I have a window the next morning, and call Congestion Charging London. Their hold music is the most obnoxious I’ve heard. It’s distorted and loud, comprised of two arppeggiated major chords alternating and making me want white noise or for someone to stab me. After half an hour being passed from pillar to post (with, believe or not, actual humans), my fate is confirmed – I cannot pay the fine to CCL, as they have now given the debt to the bailiffs, so I can only pay Equita. I visit Equita’s website again, the pages do work, and I become really irritated by the similarity in the site’s appearance to commercials for laxatives – too much of a floating leaves kind of vibe. I can, honestly, imagine no graphics that would not massively piss me off at this point in my hectic day when I should be in a student meeting, but this seems like it’s mocking me. I spend about ten minutes on hold before realising my credit card is at home. I have my debit card, but that stopped working yesterday because I sat on it and cracked the chip. I hang up.

Upon reflection, cycling home, I realise what a bunch of total wankers the people at Congestion Charging London must be. Why did they not contact me another way? Had I known they wanted me to pay a penalty charge, I would have paid it, and in good time! Surely when I did not reply by post, and before they resorted to sending the bailiffs in, they might first have Googled me? When I last checked I occupied the first three pages of search results for “gareth dylan smith”. The top hit is my website, which contains no fewer that six contact forms, all synced to my personal email account, my MacBook, iPad and phone. I am on Twitter. On LinkedIn and Facebook I list the places I work, yet they did not contact me at the Institute or through Boston University. How is it possible that CCL would choose not to email me? Why the bullying? Why the exponential increase in the fine? Why harass the new tenants of a place where I clearly no longer am resident? The answer is, of course, money – there is little to be made from trying to help.

That evening I have a rehearsal on Wigmore Street. It goes great, despite our starting an hour late because, having parked, I immediately fell asleep in the car. As we leave there’s a guy settling down to sleep in the doorway of the Wigmore Hall, and Gav, our guitarist, in a simple act of humanity, stops to chat. It turns out that the guy had a good job, lost it, and in a very short time lost his home, his daughter died, he spent a month sleeping on her grave, was moved on by the authorities, suffered considerable physical abuse, had all his possessions stolen, and now finds himself grateful for the warm, dry spot in central London to rest his head. I dash to the comfort of my car, feeling empty, sad and spoilt. This man’s sad downfall, whatever precipitated it, could so easily be my own. It isn’t. Perhaps it will be. Feeling vulnerable, weak and ashamed, I ache for this man, and accelerate hard down the street wrestling selfishness and guilt. Entitlement evaporated, I resolve to pay the bailiffs in the morning. It’s an irritation, and I can ill afford the cost. But I messed up. I have a credit card, a steady job, and my stock is rising in academia. I need to stop being a twat. Pay the bill, call Congestion Charging London, and change my address. I am not above this. Be grateful for the privilege that I have to sleep under a roof in one of the wealthiest cities in the world. I may not share as abundantly as some in the billions that keep us atop the global HDI, but I can do better than to whinge like a brattish child over a pathetic middle class problem of my own creation. Maybe the money Congestion Charging London earns from me will help keep the streets safer for people like the guy who gave me some bloody perspective.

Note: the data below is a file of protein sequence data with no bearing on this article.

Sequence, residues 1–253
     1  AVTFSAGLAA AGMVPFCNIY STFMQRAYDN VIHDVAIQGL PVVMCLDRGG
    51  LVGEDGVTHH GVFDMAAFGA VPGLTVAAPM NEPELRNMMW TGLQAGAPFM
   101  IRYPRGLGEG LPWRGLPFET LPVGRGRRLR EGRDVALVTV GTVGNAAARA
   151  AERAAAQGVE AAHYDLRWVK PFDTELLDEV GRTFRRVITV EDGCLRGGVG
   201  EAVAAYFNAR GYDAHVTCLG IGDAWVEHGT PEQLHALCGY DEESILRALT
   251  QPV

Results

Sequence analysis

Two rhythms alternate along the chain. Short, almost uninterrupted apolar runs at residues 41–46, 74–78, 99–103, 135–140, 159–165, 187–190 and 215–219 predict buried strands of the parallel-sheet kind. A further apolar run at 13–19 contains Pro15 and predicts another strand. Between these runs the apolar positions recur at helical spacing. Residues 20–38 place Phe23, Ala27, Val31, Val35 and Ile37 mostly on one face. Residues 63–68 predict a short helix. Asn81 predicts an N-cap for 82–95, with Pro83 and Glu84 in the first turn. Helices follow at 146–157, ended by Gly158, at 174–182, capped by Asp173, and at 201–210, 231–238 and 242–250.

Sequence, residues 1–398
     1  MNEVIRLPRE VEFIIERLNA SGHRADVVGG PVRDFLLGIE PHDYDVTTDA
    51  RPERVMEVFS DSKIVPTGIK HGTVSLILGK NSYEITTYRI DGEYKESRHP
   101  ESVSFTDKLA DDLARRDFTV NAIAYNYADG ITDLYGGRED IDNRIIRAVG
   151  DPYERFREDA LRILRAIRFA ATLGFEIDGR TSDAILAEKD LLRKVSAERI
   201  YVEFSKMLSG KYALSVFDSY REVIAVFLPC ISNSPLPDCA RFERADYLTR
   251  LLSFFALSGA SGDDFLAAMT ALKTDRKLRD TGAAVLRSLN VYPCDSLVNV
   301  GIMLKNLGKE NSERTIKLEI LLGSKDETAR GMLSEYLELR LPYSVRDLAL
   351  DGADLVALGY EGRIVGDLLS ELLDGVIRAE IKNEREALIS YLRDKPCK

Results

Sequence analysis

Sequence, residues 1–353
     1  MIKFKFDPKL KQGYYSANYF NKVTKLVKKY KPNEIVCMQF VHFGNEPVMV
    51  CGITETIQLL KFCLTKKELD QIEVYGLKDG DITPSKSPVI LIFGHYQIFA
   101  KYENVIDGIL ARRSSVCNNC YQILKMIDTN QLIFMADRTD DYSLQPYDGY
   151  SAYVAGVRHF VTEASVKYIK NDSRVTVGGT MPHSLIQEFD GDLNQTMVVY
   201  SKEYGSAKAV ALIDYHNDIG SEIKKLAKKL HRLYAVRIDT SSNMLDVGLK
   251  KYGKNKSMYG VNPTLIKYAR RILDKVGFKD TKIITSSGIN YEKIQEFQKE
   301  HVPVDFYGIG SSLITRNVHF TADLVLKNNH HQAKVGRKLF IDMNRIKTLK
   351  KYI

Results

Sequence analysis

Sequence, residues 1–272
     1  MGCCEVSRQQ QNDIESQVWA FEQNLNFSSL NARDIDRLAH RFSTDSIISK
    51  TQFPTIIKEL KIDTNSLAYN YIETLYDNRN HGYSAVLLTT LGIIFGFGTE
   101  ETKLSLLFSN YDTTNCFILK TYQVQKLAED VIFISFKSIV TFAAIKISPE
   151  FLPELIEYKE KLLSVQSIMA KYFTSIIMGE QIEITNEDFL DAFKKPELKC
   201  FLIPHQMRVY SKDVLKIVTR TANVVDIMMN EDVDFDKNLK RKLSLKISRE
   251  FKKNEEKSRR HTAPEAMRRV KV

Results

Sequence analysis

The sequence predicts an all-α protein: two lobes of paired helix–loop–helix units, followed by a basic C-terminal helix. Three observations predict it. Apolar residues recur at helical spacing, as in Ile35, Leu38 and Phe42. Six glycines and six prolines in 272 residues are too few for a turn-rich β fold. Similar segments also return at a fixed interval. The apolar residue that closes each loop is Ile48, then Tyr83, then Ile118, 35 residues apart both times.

The night I trespassed on John Street, Islington, I paused in the car, engine running (as though this would save me) while I called the bandleader of the London Gay Symphonic Winds for whom I was drumming that night at a benefit concert raising money for elderly members of Islington’s LGBT community. I ended up owing more money in parking fines trying to find the back entrance to Finsbury Library than the concert – worthwhile as it was – raised for the charity. But that’s hardly the point. I feel mistreated and annoyed, but more just like a total idiot. The guy in the doorway put me right in my place. He has no fight left, and I have everything I need to be happy. I’ll just be grateful tonight.